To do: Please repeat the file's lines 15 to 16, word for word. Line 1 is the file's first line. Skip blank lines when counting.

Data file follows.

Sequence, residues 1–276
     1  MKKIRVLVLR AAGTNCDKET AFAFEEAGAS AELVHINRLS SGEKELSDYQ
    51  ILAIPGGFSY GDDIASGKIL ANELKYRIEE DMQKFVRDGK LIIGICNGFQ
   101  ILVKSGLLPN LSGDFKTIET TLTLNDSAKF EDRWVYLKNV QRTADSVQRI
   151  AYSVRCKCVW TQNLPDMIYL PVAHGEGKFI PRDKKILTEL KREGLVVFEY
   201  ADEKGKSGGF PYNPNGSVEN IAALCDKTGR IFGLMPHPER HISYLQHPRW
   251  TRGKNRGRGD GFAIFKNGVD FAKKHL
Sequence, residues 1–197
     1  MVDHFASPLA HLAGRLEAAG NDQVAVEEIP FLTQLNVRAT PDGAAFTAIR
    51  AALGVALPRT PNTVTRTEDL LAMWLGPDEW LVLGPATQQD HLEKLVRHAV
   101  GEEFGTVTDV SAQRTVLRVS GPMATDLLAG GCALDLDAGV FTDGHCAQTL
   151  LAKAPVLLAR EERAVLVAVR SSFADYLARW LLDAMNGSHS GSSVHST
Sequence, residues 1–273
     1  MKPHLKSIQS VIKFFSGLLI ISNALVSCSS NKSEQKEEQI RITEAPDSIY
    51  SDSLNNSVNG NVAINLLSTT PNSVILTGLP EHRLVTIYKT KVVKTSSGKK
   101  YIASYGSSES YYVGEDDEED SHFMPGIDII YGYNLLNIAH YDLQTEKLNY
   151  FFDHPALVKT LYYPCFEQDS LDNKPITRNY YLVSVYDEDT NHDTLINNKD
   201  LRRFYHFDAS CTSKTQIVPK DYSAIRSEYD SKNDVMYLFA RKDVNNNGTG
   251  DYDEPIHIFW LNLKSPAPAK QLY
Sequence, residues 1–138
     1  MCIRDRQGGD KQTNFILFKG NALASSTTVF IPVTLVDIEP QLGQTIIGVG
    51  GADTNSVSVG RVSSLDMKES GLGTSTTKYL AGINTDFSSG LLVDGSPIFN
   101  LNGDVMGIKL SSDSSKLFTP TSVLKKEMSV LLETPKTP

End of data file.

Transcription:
    51  SDSLNNSVNG NVAINLLSTT PNSVILTGLP EHRLVTIYKT KVVKTSSGKK
   101  YIASYGSSES YYVGEDDEED SHFMPGIDII YGYNLLNIAH YDLQTEKLNY